They explicitly mentioned the last one to transition to be Mac Pro. Review the last 3 minutes of the Peek Performance event video.
 

Eug

Lifer
Mar 11, 2000
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So the Mac Pro replacement, if it does exist, won't be M1 but rather M2?

Edit: nevermind, just saw Eug's guess of M1 Ultra Duo
Apple's own marketing slide mentions M1 Ultra is the final member of the M1 family so I think there is a decent chance Mac Pro's SoC might not be based on M1.
Below was a prediction on the chip architectures before the Mac Studio was released.

Specifically, he states that while M1 Max x 2 makes design sense, M1 Max x 4 simply isn't possible because of the design restrictions. He further goes on to state that (M1 Max x 2)2 isn't going to happen either.

So that would point to a separate chip design for the Mac Pro.


M1 Max × 4 is not a thing because the M1 Max, all the drivers around it, and everything we know about the hardware, says it can only support a 2-die configuration, but none of the news outlets are paying attention to the people actually reverse engineering the platform so...

So my bets are: M1 Pro/Max for the new Mac Mini, M1 Max × 2 for the new iMac Pro (and maaaybe a "Mac Mini Pro"?), and T6500 × N for a new, proper, monster Mac Pro.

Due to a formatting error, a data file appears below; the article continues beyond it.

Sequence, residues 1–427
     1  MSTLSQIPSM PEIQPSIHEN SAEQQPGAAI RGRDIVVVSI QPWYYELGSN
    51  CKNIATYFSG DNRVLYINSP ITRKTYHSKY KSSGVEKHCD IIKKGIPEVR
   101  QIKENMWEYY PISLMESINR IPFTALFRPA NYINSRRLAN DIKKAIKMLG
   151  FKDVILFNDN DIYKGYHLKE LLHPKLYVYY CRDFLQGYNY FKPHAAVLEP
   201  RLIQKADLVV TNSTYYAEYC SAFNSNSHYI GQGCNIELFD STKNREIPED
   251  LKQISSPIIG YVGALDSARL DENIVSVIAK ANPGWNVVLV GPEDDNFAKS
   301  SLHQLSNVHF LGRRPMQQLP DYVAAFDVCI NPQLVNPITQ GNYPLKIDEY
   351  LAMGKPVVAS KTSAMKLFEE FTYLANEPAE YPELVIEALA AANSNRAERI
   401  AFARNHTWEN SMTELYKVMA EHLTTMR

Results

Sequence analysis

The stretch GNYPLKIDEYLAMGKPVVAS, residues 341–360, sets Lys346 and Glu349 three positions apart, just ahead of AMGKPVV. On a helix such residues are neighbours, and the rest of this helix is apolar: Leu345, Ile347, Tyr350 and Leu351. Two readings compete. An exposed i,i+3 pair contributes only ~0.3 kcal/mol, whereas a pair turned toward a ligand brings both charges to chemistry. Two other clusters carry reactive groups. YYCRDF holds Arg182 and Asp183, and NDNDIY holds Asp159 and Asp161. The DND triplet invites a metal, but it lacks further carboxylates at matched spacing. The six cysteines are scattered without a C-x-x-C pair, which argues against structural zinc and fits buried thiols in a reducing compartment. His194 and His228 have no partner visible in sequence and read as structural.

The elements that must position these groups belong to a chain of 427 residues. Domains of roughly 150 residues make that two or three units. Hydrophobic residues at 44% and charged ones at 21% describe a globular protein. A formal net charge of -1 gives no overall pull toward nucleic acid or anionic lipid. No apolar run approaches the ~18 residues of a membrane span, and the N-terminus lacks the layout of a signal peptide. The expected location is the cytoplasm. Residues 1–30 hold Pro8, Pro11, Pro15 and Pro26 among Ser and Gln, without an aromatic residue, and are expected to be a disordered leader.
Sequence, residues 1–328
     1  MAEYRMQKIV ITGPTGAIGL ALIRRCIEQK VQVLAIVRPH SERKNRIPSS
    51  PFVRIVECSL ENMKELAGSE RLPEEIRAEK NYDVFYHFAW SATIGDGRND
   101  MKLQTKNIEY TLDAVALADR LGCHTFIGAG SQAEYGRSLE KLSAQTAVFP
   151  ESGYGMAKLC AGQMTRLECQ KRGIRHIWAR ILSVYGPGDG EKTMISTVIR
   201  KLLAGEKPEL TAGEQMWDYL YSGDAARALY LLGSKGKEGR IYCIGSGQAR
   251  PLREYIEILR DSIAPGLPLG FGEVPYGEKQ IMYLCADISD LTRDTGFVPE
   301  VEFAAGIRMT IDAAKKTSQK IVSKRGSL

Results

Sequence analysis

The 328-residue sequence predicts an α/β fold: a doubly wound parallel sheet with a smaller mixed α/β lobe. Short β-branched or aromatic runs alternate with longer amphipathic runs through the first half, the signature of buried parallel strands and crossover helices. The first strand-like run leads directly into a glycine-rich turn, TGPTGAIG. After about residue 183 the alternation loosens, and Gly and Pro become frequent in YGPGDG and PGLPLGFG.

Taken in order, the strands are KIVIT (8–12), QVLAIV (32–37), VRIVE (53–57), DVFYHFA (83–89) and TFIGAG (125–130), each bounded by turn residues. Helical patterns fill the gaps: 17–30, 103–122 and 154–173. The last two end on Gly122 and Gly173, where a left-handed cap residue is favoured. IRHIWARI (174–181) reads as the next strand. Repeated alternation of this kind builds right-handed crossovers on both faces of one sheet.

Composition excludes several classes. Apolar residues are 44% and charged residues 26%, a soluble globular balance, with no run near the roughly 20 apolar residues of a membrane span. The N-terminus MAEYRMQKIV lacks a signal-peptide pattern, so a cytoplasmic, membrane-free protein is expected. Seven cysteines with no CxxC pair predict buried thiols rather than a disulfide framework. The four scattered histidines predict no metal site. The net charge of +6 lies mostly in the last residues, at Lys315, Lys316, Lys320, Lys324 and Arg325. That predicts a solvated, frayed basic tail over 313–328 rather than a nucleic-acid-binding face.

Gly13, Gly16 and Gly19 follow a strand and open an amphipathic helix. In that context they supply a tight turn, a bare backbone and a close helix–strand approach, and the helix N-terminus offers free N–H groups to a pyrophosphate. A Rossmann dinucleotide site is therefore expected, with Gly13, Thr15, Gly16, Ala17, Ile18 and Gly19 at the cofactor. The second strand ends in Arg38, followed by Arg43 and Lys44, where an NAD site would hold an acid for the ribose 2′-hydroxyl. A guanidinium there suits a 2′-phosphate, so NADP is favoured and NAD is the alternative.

would a 2 socket x 2 die configuration be possible?

No.
 

guidryp

Platinum Member
Apr 3, 2006
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would a 2 socket x 2 die configuration be possible?

No.
I'd like to see some actual reasons why this isn't possible.

Die limitations do not apply to NUMA configurations.

AFAICT, NUMA is always a possible option. Because it's just two independent CPU/Memory systems in looser association. There have been dual socket Mac Pros, and there are dual socket threadripper boards as well.

It may be a sub-optimal option that Apple doesn't want to do, but I see nothing that indicates it's impossible.
 

Eug

Lifer
Mar 11, 2000
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I'd like to see some actual reasons why this isn't possible.

Die limitations do not apply to NUMA configurations.

AFAICT, NUMA is always a possible option. Because it's just two independent CPU/Memory systems in looser association.

It may be a sub-optimal option that Apple doesn't want to do, but I see nothing that indicates it's impossible.
This stuff is beyond my knowledge, but take these posts as you will:


 

guidryp

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Apr 3, 2006
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Can't read the second one without logging in, and I refuse to get a twitter account (same applies to facebook and similar). I hate it when people lock content on social media sites.

I guess it's stating that MacOS is not NUMA aware. I suppose that is an issue, but not necessarily an insurmountable one.